On Tuesday, Los Angeles Police Chief Michel Moore said thousands of LAPD employees are reluctant to be inoculated with a coronavirus vaccine.
The Los Angeles Times reports Moore’s comments were based on “an informal survey” that found “just 60% of respondents saying they would accept the shots when offered.” The outlet also described the finding as the result of an “unscientific internal poll” and did not provide reasons for the skepticism.
Still, the article said there were 9,500 respondents, adding that there are approximately 13,000 officers and civilian employees in the department. Moore revealed that 20% said they need more information before committing to getting a shot, and another 20% said they would refuse the injection outright.
“This vaccination is not just safe, but it’s effective,” Moore has concluded. “It’s the way out of this pandemic, and we are asking all of our members on a voluntary basis to step into this and be vaccinated.”
Moore reportedly said he would take the vaccine when it is his turn, but not before the “rank-and-file who are out in the street every day.”
“Believe me,” Moore said. “I would do it in a moment.”
Only 60% of LAPD officers, employees willing to take COVID vaccine, internal survey shows https://t.co/nN5717eoUH
— Los Angeles Times (@latimes) January 5, 2021
The Times provides more details from Tuesday’s news conference:
Hundreds of LAPD employees have fallen ill, and several have died. Many are currently in isolation as the virus ravages the L.A. region. Three LAPD employees are hospitalized, one of them in grave condition, Moore said. …
Moore said he was in touch with fire officials on Tuesday who offered to start vaccinating LAPD officers with whatever doses they had leftover from firefighters declining to take them. He said he was not told how many shots that might be but did not expect the doses to cover many officers. …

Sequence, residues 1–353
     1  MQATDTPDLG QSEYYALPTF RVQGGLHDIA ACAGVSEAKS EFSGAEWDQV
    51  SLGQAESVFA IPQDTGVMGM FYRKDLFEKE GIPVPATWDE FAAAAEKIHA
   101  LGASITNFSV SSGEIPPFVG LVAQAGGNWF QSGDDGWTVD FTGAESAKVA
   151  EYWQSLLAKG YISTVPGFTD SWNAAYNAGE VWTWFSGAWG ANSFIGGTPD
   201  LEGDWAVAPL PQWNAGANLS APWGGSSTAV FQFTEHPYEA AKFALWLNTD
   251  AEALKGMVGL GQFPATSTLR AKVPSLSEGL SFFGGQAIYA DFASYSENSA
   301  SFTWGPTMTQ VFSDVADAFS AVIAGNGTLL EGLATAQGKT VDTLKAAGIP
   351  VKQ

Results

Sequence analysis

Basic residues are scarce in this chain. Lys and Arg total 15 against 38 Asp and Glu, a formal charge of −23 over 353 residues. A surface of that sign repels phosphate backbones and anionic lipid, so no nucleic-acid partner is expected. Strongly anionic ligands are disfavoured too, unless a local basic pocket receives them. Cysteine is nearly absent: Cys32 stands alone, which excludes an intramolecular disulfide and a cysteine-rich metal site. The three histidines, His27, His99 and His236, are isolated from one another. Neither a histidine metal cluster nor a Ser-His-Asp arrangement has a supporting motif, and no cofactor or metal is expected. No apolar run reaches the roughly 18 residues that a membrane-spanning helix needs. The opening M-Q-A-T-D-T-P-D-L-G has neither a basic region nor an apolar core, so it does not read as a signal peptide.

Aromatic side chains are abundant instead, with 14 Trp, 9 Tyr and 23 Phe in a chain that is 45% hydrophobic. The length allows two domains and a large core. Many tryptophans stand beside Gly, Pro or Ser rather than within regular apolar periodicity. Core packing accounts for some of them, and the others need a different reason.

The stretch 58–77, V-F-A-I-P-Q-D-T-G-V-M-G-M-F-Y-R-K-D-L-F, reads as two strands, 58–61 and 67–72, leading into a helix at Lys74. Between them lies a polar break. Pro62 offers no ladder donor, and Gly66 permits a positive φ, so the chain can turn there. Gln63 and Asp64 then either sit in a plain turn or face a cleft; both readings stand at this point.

Police officers, who are in the second tier of frontline workers and first responders who are eligible for vaccines under county protocols, will be prioritized within the department as well, Moore said, with officers and investigators who work in the street vaccinated first.
While Greater Los Angeles is widely considered the nation’s pandemic epicenter, significant percentages of frontline workers in other professions have also declined to take the vaccine.
On Tuesday, the L.A. County Department of Public Health announced 224 new coronavirus deaths, pushing the county’s total fatalities since the pandemic began past 11,000. Officials said more than 1,000 of those deaths occurred within the last week.
“Roll out for COVID-19 vaccine continues in the phases recommended by the State and CDC as supply allows,” said L.A. County Public Health Director Barbara Ferrer.
Chief Moore said LAPD was launching an informational campaign to “encourage people to participate.”
“Will we ever get to 100%? I don’t know. It’s all speculation as to whether or not we can get everyone to take it,” Chief Moore said. “But it’s up to us to make sure that it’s not for a lack of understanding the benefits.”